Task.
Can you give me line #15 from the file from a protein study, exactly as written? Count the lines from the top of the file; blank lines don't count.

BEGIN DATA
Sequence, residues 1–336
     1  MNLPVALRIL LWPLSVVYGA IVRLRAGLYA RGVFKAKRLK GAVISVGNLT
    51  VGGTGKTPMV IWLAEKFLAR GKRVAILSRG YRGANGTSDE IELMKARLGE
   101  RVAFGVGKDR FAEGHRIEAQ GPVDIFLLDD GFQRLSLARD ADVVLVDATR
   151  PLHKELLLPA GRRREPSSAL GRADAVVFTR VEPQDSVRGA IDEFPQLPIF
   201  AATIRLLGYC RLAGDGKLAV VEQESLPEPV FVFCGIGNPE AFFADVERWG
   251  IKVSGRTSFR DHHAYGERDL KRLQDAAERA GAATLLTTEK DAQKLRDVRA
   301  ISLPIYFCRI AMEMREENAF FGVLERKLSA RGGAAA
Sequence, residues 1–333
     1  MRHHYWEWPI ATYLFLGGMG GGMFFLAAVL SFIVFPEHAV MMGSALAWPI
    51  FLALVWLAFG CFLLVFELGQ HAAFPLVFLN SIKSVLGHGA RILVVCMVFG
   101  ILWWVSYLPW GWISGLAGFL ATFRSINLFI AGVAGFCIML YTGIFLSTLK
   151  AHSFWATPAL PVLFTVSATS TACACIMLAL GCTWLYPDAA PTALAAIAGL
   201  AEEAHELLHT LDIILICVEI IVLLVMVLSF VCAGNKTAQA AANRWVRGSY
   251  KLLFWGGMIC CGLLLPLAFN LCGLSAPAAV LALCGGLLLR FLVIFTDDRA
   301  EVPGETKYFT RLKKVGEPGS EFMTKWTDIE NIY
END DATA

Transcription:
   251  KLLFWGGMIC CGLLLPLAFN LCGLSAPAAV LALCGGLLLR FLVIFTDDRA